Even in this stew of silliness, Hillary Rodham Clinton still managed to draw headlines for herself by marching into a Baptist church with Al Sharpton in Harlem and giving a fiery speech. First, Hillary sounded the same Clinton-amnesia notes as Gore, charging that President Bush’s team was historically filled with corrupt cronies, that his presidency "will go down in history as one of the worst.” But with Sharpton proudly looking on, she threw the race card on the table with a big, noisy thwack. “When you look at the way the House of Representatives has been run, it has been run like a plantation, and you know what I'm talking about.” Bush is not only incompetent. Dennis Hastert is a slave master. Laura Bush was right. It was “ridiculous.”
On "Good Morning America" today, the 8 AM newscast had a few embarrassing errors. News anchor Kate Snow stumbled as she explained that today's NASA mission to Pluto will be powered by "24 pounds of plutonium" -- "I'll have to check that," she said as she read through it. (Doesn't she read through the news a time or two before taking the newscast on air?) At newscast's end, she said my bad, yes, it's 24 pounds. Obviously, Kate Snow is literally not a rocket (or nuclear) scientist. At least she didn't highlight the liberal angle of anti-nuke protesters.
Then entertainment critic Joel Siegel arrived on the Golden Globe beat, noting that Philip Seymour Hoffman, Reese Witherspoon, and Joaquin Phoenix all won awards last night for playing real people whose last name starts with C. He then suggested it could mean Oscar magic for the actors, since Jamie Foxx won last year for playing, he claimed -- "Johnny Cash." Oops. That would have been a real actor's challenge. But he didn't correct it to Ray Charles. ABC whistled past it.
As Bob Woodruff and Elizabeth Vargas debut tonight as the co-anchors of "World News Tonight," the traditional liberal bias promises to continue. On today's "Good Morning America," Woodruff reported from Iran, and made sure to equate conservatism with oppression: "One more indication of the growing conservatism here: this week the government closed down a daily newspaper and banned a women’s magazine. It has happened many times before but these are the first to be targeted since the new President was elected in August." Earlier in his 7am half-hour report, Woodruff asserted: “There is a new ultra-conservative President here, who is causing worry both inside and outside this country.”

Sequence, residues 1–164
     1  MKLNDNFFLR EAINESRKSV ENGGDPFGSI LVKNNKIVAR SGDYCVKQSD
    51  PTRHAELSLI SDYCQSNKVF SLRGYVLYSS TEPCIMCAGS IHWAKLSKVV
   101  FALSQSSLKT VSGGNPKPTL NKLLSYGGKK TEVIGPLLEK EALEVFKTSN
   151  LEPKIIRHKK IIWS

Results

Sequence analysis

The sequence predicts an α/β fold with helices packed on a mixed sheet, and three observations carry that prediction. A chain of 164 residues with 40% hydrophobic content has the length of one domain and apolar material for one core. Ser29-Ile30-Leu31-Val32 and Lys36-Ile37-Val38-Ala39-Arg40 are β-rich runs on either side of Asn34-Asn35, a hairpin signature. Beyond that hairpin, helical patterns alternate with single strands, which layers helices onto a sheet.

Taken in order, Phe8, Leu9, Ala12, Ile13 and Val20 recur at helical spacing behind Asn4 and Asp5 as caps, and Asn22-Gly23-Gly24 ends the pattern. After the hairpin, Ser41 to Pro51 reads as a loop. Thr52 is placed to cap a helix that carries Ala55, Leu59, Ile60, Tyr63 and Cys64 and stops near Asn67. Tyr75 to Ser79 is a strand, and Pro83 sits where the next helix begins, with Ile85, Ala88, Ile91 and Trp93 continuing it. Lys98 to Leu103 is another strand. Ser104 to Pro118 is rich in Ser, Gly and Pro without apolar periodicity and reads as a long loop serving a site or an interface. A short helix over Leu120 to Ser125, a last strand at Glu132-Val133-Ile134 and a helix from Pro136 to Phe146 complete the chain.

MRC's Megan McCormack reports that on Thursday's "Good Morning America," ABC reporter Jake Tapper gave some air time to the view that Steven Spielberg's new film "Munich" has a "dangerous naivete," arguing that "fighting the terrorists only makes them more likely to commit acts of terror." Granted, when skepticism is coming from liberal magazines like The New Yorker and The New Republic, publicizing it on ABC is not as shocking. Tapper leaves out the role of screenwriter Tony Kushner, the controversial hard-left gay playwright. The transcript follows:
Robin Roberts: "But first, opening tomorrow, a new movie directed by Steven Spielberg that's causing controversy before it even hits the screen. Spielberg took extraordinary steps to keep details of the film secret, with only a few actors even allowed to see the entire script. The film is called 'Munich,' and the controversy over how the movie treats terrorism. Here's ABC’s Jake Tapper."
Ever since Hurricane Katrina made landfall in late August sending oil prices to $70 per barrel and gasoline above $3 a gallon, the media have been in a panic over a return of ’70s-style inflation. Such concerns reached a fevered-pitch in October when a gauge of consumer prices rose by the largest amount in 25 years. Yet, when the Labor Department released numbers last week showing that inflation had declined by the greatest percentage in 56 years, rather than using this data to ease the public’s concerns about rising prices, the press either downplayed the report or totally ignored it.
On Tuesday morning, the network morning shows all began with full stories on the New York City transit strike (no doubt involving dozens of struggling network employees). As I remarked today to Mark Finkelstein on his strike blog post, the New York-based media has an annoying tendency to elevate itself into the center of the news universe on local issues. (Put the same event in San Francisco or Seattle, and the national media would barely whisper.) And now, an example: merely a few weeks ago, at Halloween time, Philadelphia also had a transit strike. As Rich Noyes pointed out to me, it drew an 800-word story in the November 1 New York Times headlined "400,000 Hit by Philadelphia Transit Strike." Major morning show hubbub? Of course not.